For the last six years, Henry Overman directed the Spatial Economics Research Centre (SERC), based at the LSE. As of September 1st this year, he stepped down from that role to run the new What Works Centre for Local Economic Growth. The Centre will aim to ensure that robust evidence is embedded in the development of policy, that these polices are effectively evaluated and that feedback is used to improve them.
Since 2008, the research that SERC has produced has challenged many aspects of the ‘place-based’ approach to helping declining places. We have argued that focusing public expenditure on “turning around” the economies of declining places has often not worked: and worryingly, many popular policy interventions have had little economic effect.
In the current fiscal climate, we have to identify priority areas of expenditure and consider more radical changes – in areas such as land use planning – to help address issues arising from spatial disparities. At SERC, we have consistently argued that these interventions should be judged on the extent to which they benefit people living in declining places. We have also argued that urban economics provides plenty of theory and evidence to help improve policy making in these areas.
What, then, should be the main focus of urban policy in tackling decline and promoting growth? Given what we know about the causes of spatial disparities and the effectiveness and impact of different policies SERC research suggests that the high level approach needs to be on improving skills in declining places, and on investing in infrastructure and housing in more successful places.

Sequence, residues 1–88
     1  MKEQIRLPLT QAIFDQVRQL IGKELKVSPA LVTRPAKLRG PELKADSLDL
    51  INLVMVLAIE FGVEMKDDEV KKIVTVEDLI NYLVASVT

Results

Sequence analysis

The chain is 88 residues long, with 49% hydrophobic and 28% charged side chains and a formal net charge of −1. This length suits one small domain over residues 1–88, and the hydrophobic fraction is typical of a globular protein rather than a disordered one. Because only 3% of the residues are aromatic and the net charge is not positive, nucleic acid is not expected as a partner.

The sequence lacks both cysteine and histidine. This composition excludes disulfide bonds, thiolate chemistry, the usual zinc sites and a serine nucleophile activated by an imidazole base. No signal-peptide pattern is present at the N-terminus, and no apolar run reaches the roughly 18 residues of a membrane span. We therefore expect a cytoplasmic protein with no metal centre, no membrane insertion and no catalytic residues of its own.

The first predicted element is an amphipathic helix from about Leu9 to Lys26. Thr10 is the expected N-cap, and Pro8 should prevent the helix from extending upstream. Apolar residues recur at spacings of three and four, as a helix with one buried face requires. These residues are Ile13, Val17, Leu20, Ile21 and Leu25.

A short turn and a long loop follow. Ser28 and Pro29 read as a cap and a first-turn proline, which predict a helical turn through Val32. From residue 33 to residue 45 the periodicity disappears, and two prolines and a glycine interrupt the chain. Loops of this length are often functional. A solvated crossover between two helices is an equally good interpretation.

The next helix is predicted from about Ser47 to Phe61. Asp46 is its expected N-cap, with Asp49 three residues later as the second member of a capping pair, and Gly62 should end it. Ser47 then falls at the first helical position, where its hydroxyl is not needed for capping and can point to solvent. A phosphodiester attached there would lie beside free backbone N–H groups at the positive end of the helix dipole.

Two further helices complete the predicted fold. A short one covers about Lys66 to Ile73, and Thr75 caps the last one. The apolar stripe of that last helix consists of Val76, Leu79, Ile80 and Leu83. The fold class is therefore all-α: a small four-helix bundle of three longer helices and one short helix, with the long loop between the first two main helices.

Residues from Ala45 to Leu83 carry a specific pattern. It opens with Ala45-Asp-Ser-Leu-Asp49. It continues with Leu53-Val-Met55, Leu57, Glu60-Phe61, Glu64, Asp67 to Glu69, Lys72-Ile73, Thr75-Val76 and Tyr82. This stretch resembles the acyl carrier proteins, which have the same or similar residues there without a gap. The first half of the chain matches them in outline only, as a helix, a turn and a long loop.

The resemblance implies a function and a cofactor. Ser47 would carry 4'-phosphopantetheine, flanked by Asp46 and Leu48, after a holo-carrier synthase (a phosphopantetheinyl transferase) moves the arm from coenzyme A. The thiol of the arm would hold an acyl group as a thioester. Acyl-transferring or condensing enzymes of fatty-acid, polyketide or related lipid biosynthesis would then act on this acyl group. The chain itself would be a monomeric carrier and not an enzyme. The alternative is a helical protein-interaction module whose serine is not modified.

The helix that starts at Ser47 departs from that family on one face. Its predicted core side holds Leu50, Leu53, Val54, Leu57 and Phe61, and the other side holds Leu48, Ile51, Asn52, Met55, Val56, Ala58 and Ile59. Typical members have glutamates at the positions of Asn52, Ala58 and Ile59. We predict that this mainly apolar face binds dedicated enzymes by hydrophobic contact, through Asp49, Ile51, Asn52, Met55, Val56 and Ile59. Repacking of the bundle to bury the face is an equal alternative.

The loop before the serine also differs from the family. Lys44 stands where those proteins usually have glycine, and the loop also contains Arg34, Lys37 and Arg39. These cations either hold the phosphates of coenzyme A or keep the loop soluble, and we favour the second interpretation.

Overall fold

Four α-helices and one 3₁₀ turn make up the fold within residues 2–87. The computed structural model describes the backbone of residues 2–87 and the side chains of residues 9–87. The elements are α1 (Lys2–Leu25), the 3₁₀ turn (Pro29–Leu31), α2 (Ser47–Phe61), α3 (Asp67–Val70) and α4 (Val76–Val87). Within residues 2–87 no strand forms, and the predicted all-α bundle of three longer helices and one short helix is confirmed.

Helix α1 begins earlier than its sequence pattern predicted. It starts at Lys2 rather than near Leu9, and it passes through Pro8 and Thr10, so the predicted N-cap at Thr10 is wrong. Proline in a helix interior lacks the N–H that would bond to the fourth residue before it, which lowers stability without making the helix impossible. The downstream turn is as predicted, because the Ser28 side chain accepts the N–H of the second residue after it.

Perhaps more controversially, given what we know about the causes of spatial disparities and the relative effectiveness of policy, we have often argued for a greater focus on encouraging labour market activity and removing barriers to mobility. In practice, achieving this (and fully understanding the consequences) will require a better understanding of the three-way interaction between the benefit system and the housing and labour markets; it will also require the expansion of housing supply and reduction of costs of living in relatively successful places. SERC research suggests some of the ways in which the latter could be achieved. It will also require serious thinking about how to manage the negative consequences of people moving from so-called ‘declining places’ for those who stay in those places.
This raises a second set of challenges. Beyond these broad prescriptions, and some more detailed recommendations discussed in various SERC reports, it turns out that we know depressingly little about the detailed interventions required to help achieve urban policy objectives. Some of this reflects the complexity of formulating good urban policy. But equally as important is the appalling track record of governments (of all kinds) in effectively evaluating the impact of different urban policy interventions.